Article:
.Beethoen N OF THE
(For piano, oboe, clarinet, French ATILETIS PROBLEM FOUR \iAN TENNIS TE
orn, Bassoon.)' PLAN GIVEN APPRO'
Quintet, in B minor, Opus 11 .Brahms
(For clarinet, two violips, viola, Announcement of the first
violoncello)A Ut of Town mberpr 1
"Five Impressions of a. Holiday," . constructive step towards rem- First Meting of
Op. 7..... a .........Eugene Gossens edying the athletic situation Year
(For piano, flute, violoncello.) here, is made today in The ---
Sinfonia a Cadmera,- in B fiat maJ- Daily. The Athletic association Prentiss P. Douglas, formr
or, Op. 8 ............Wolf-Ferrari has authorized the hiring of two sity football player and line coach
(For piano, two violins, viola, viol- new football experts to assist E. J..Sturzenegger, who played o
oncello, double bass, flte, oboe, clar- CoachYoft in handling the 1920 brasa's eleven in '07 and '08, gi
inet, French horn, bassoon.) squad add to Fielding H. Yost's coat
, .The ball has been started roll- staff next fall, Prof. R. W. .A
ing. The Athletic association chairman of the Board in Contr
has made the first move. It is Athletics, announced at the co
a highly comamendable Otte.' sion of the board' s meetig last*
It is now- ul to the s~tudents T'isls was the first meting.o
of the University to get behind entire board this year. All o
and push. We have the coach- - town members ,were present, au
es, let us now get the material, many phases of the athletic situ
Wolverines Score 22 PoInts to Oppo. Be of serivce! as could be discussed within th
nents 12 In G uUeO D voId -lotted time were brought up.
of Feature -Financial Report Made
Professor Aigler made an info
HENDERSON AND PEARE ARE finapcial report which showed
STARS FOR MATHER'S QUINTET, th association will have approxi
-Nl Al U IO ly $18,000 on hand after payinj
Michigan opened the 1919-20 basket- all outstanding debts' and ruakin
ball season by winning an extremely lowances for expenses which wi
loosely played game 22 to 12 from Kal- EXCEPTIONAL WORK OF MEN TO incurred during the remainder o
amazoo College, Saturday, Dec. 1. BE REWARDED BY year. -
Both teams were playing their first DINNER It was planned to hold another r
game of the season, and the final re- -uing of the board'during the latter
sult was largely influenced by this of January or the fore part of
fact. Onacpdone by the men soliciting on ,'ary. elegates from th New
Kalamazoo got the jump on the don byte menrsoicign t Detroit, and Chicago alumni ass
Union life membership campaign, a tos h M'cuteBad0
Wolverines and McKay scored twodbons, te "" club,the' Board of
foulshos. Ra ted te sore ithdinner will'lye given to all those who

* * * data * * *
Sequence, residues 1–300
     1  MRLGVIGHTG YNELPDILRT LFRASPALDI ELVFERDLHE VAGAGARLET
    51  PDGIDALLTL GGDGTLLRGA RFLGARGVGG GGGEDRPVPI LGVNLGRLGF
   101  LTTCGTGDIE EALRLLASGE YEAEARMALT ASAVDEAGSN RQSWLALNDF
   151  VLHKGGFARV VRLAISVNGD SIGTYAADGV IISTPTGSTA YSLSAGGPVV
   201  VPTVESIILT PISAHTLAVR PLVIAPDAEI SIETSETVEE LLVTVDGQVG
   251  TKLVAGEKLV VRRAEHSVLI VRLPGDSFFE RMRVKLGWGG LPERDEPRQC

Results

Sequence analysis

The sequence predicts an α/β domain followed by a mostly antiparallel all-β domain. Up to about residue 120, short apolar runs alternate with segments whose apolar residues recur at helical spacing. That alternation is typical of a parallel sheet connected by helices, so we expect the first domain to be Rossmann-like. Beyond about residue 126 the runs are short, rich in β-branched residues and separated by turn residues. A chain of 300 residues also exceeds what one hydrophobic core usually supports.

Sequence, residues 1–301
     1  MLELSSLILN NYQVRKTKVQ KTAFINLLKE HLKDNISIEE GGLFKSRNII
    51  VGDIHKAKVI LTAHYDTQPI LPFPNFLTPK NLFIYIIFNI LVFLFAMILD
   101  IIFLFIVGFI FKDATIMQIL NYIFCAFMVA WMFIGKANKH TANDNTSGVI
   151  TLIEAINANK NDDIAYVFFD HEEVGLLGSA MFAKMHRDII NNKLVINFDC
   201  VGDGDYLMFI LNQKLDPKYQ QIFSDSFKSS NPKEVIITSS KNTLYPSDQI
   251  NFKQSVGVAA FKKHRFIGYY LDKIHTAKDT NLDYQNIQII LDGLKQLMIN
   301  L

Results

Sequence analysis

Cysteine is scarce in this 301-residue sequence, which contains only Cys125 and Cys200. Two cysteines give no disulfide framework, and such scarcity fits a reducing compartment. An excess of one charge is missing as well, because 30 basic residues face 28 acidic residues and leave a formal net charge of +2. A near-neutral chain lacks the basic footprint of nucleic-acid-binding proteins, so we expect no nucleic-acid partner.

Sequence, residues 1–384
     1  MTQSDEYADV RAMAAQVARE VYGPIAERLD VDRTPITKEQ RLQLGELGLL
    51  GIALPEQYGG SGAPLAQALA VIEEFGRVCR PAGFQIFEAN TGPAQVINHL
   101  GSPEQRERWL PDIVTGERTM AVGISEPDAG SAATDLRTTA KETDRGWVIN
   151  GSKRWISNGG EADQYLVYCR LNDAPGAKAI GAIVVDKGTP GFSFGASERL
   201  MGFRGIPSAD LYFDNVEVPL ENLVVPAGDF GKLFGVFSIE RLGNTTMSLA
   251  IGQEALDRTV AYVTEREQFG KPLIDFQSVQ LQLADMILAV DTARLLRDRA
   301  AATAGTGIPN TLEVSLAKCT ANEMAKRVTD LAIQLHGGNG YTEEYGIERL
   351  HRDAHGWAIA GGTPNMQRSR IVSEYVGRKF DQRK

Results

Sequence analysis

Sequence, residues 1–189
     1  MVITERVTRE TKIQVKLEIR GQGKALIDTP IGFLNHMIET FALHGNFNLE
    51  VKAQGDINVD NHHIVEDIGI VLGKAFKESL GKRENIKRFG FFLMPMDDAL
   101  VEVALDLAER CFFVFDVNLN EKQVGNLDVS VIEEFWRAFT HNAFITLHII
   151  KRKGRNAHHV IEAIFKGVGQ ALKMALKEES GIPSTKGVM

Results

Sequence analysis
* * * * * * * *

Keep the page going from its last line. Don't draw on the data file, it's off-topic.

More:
foul shots. Rea tied the score with worked, ins,tead of just to the win- gents, the University Senate, the
a basket following aiongrorkednigste adof"usaid the top men. p fulty, and the Student council wi
Henderson. The west state team went iorter'2,r invited to attend this conference,
Pre,'0InC arg fProgram .
into the lead again when McKay threw. r it is expected that a plani for gr
his hirdfoul bu Henerso andRea Besides the, dinner there will be ,an -
his third foul, but Henderson and orchestra short talks, and some other co-operation among these differen
cut loose and shot five field baskets, clMusi yet to be decided upon. ganizations will be perfected at
placing Mather's team in a. command- The'program, which has been put in-time.
ing lead, which the visiting ,team did Th&' progrm hihhs enpu n
not teatd rin the ing remaid ofto the hands of Donald J. Porter, '20, Approves Larger Ten'is Tea
not threaten during the remainder of will be brief and fitting to the occa- The four man tennis team wa
the game. sion, it was stated. ' proved at the meeting last niight
Both teams used the -fieman de- "We are exceedingly grateful to if Michigan's opponents wil. agri
'long shots were the the men who have put this campaign the new arrangement, it will bE
tense and oghtswret r.Te-et.
sult, most of which went wild. ''he1 over for us and for the way in which into effect this spring. Heetofore
basket throwing' of both teams was they did it. It is only fair to express nis teams have consisted of two
poor, and many points were lost when our gratitude in some way and we In order to give all students at
easy chances were presented.". think all the men should be included potunity to see some of 'the ba
In the second period Michigan show- at the dinner. The winning team will bail games, a representative wai
ed a marked gain in team play, which be placed at the head table, with the pointed to meet with the Stt
was poor in the first haf. The men top three men in personal work," said council to wor out a system w1
passed the ball more, and Henderson Homer Heath, general manager of the by an equitable distribution of
pased the ballmhore,' adheersonrt Union. ets will be made. The gymnasiumi